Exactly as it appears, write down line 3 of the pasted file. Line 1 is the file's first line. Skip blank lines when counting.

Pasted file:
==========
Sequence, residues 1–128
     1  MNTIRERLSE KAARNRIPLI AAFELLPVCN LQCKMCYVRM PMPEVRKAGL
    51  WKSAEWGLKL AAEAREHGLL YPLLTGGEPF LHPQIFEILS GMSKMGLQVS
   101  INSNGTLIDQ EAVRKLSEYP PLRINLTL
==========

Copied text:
    51  WKSAEWGLKL AAEAREHGLL YPLLTGGEPF LHPQIFEILS GMSKMGLQVS